This is artic circle city, a bunch of tundra forest, not much good in my opinion, maybe a great place for a national park, who knows, but it is ocean side, which as the Dutch, I find nice, actually, I have always tended to settle by the ocean
- 01c
Same Artic Circle city, which covers the same basic idea as the previous Two Fish grouping of images, a very poor city site
+ 07c
Ultimately, what I find compelling about the game and what others do, is different, I want a conventional win, or at least, do now, and the concept of milking a win for points, sounds boring, I mean, I want a high score, but I do not want to delay the win for a higher score
+ 17c

As I tried to evaluate whether this sort of limited resource city works or not (as in, is it ultimately beneficial and should I do this in the future), the beginning point of my analysis was the commerce potential. And the main reason for this was because during the point in the game when this sort of city is settled, commerce is at a premium. Let's be real, these are not Second City locations. We are talking late REX (late rapid early expansion, so the end game of that mode of play) here.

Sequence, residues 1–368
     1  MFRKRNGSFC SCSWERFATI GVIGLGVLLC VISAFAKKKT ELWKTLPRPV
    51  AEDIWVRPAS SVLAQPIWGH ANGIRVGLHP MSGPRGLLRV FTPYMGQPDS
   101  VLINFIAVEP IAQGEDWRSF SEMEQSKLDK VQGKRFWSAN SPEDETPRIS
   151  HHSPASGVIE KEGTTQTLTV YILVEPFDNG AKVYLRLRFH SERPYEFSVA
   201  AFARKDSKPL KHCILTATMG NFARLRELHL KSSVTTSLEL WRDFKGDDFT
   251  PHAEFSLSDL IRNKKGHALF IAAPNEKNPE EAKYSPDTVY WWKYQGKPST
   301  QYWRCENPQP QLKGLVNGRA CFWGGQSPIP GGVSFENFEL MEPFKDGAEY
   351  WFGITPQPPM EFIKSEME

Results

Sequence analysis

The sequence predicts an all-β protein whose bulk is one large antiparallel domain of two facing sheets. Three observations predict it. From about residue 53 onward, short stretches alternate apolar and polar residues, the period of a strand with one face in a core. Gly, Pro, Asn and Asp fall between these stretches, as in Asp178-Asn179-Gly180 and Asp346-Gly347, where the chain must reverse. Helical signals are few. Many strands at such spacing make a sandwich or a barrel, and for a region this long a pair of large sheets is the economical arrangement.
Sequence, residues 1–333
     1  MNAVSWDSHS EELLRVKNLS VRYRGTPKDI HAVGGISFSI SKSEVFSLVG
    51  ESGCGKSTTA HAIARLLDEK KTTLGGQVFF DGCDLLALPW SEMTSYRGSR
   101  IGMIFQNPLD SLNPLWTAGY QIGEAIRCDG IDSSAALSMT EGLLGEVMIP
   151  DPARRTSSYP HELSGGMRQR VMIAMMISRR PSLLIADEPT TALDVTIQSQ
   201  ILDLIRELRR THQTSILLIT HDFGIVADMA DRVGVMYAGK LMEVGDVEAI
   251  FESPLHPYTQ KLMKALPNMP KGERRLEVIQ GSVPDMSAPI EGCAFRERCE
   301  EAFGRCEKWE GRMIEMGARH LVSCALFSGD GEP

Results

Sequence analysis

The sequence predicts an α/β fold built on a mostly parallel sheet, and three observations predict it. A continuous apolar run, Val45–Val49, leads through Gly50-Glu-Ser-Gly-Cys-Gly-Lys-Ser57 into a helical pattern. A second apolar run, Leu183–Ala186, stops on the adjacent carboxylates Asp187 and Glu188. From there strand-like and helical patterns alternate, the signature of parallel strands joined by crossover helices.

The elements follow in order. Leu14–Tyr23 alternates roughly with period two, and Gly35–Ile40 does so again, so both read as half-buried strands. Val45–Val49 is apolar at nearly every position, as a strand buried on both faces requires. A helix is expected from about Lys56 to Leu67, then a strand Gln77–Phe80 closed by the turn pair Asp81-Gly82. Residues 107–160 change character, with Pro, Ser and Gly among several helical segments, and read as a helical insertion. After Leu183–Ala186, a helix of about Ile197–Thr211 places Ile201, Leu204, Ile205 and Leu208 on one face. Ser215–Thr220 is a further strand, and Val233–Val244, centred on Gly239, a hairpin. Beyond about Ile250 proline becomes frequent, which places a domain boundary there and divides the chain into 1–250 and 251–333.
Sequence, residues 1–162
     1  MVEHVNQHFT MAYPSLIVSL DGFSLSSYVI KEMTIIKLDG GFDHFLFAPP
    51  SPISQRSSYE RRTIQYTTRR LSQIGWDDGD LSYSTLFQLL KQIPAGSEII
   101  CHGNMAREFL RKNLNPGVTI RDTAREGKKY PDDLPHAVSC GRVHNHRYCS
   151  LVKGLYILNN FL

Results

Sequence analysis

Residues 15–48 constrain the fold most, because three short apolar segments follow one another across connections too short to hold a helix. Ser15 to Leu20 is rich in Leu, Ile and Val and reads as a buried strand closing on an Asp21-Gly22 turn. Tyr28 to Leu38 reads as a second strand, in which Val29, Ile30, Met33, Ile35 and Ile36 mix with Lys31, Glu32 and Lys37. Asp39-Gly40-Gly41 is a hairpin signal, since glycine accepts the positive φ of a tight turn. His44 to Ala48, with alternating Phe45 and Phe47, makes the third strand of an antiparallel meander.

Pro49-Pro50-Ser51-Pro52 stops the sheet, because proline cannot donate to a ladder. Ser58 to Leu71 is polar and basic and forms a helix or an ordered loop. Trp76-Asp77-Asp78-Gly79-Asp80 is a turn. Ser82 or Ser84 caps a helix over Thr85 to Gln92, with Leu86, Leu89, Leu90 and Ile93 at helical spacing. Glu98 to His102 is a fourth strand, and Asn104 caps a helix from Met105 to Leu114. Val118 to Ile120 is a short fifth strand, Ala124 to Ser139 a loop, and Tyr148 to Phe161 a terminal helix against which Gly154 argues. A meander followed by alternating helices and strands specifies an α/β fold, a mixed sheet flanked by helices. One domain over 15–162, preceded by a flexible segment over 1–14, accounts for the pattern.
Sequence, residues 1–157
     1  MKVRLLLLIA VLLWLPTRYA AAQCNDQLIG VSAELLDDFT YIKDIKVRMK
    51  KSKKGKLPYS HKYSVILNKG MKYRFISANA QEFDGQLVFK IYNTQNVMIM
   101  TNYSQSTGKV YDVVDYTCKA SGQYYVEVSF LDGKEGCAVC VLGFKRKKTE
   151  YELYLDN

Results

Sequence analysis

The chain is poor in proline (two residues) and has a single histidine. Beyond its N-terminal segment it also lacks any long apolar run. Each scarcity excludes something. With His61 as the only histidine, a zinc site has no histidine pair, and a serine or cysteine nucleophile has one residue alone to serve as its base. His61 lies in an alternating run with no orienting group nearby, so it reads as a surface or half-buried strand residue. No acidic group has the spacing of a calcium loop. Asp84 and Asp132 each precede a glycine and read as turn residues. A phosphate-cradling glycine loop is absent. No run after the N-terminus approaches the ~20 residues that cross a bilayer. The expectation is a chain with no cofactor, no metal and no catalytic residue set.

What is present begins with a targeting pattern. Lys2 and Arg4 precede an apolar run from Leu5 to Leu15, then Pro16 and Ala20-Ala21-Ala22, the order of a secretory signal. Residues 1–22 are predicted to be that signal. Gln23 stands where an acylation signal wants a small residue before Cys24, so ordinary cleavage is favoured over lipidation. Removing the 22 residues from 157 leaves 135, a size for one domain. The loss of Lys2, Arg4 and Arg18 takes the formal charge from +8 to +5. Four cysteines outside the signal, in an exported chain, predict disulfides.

But beyond commerce, these cities also produce stuff. And even without the Dyke or Maori Statues (both discussed below), whipping and conscription (discussed even further below) allow this type of city to produce an adequate supply of military units.

Whale Fin is the name of the city shown in the next three images, the first always being near settlement, the second maybe halfway to maturity, and the third at end game
- 02c
Whale Fin was named such because it had a whale resource and because it was powered by Whale Oil rather than Fish or Clams it did not take off until much later, after I had researched Optics
+ 04c
The Water Food Resource powers the whip, that is the reason for settling next to it, eh, maybe the trade potential as well, but I likely do not micro to that extent
+ 44c